Physician Assisted Suicide (PAS)
In Canada: Quotes; Overview; Court cases
|"Euthanasia and assisted suicide are covert and
unregulated in the Canada of today. Also, their accessibility has more
to do with 'connections' than with need. They must become available
within an open, regulated and equitable system. People
who are suffering intolerably from an incurable condition must have an
adequate level of information and support with respect to every one of
their options -- including, though not limited to, the option of a
hastened death." The goals of the Right to Die Society of Canada.
|"The nature of assisted suicide does not allow
you to provide protection for vulnerable people. The whole idea is wrong
from the beginning. Assisted suicide is a direct threat to those with
chronic disabilities and the elderly.....It's an issue of the powerful
over the weak. We can't bring in a law that allows you to kill someone."
Alex Schadenberg, executive director of the Euthanasia Prevention
|"Whose body is this?" Sue Rodriguez, who suffered from ALS and "...single-handedly
catapulted the right to die debate onto the public stage" during 1991. 3|
As in the United States and many other countries, suicide is legal in Canada if a person can carry out the act by themself. However, obtaining assistance to commit suicide is not legal. Thus, Physician Assisted Suicide (PAS) is a criminal act.
In 2003, the Supreme Court of Canada heard a case brought by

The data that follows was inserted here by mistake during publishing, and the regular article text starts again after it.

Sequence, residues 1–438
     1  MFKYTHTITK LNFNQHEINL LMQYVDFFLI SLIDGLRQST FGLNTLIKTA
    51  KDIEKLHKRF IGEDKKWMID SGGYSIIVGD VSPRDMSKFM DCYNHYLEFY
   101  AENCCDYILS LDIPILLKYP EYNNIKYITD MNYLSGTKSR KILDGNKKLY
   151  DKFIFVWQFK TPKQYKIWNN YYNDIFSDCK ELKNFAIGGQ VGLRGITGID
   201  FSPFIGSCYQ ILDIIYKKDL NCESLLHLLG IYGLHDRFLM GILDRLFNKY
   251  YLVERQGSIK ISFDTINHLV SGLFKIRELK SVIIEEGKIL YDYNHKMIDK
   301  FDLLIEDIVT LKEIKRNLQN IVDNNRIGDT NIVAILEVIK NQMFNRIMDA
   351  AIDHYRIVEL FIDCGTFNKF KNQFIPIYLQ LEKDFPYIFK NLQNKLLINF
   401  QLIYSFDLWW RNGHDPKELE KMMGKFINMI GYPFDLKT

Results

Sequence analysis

Sue Rodriguez. 4 Suffering
from ALS, and expecting her health to continue to degenerate, she filed a
lawsuit seeking the legal right to obtain assistance in committing suicide. In
1993-MAY, the Supreme Court of Canada ruled that the section of the
Canadian Charter of Rights and Freedoms which guarantees the security of the
person does not include the right to obtain assisted suicide. The vote was
narrow: 5 to 4, and resembled the very common vote of the U.S. Supreme Court on
moral and ethical matters. According to an article in the Canadian Medical Association
"....judges dissented, finding that Rodriguez was discriminated against
on grounds of disability, in violation of the charter, because the option of
attempting suicide, legally available to anyone, was not available to her
because she was physically unable to commit suicide. The majority (of 5
judges) felt that even if she was discriminated against, the discrimination
was deemed to be within the reasonable limits that could be imposed in a
free and democratic society." 5
A sampling of criminal charges involving assisted suicide:
||1994: British Columbia: Sue Rodriguez was diagnosed with ALS
(a.k.a. Lou Gehrig's disease), was in degenerating health, and sought
permission through the courts to allow her to request assistance in
committing suicide. She lost both at the British Columbia Supreme Court (in
1992-DEC) and at the Supreme Court of Canada (in 1993-MAY). 3 The Supreme Court decision
was by a narrow 5 to 4 vote. She committed suicide on 1994-FEB-12 in the
supportive presence of her friend Svend Robinson, an NDP (Socialist) member
of parliament. It is not known whether she required assistance in dying.
Robinson and the attending physician were never charged with a crime.|
1994: Nova Scotia: Brenda Barnes committed suicide by
injecting herself with insulin. Her friend, Mary Jane Fogarty, helped Barnes by writing out a suicide note and providing the syringe.
Barnes was found guilty of assisted suicide and given a suspended sentence.
|1997: Saskatchewan: A farmer, Robert Latimer, was tried for the mercy killing of his
12-year-old daughter who was mentally disabled, physically
disabled, and in continual severe pain. He was found guilty of second degree
murder which, under Canadian law, requires a 10 year minimum jail sentence.
The jury recommended that he be eligible for parole after one year. The
sentence was appealed through various courts. His request for a reduced
sentence was unanimously rejected by the Supreme Court of Canada. This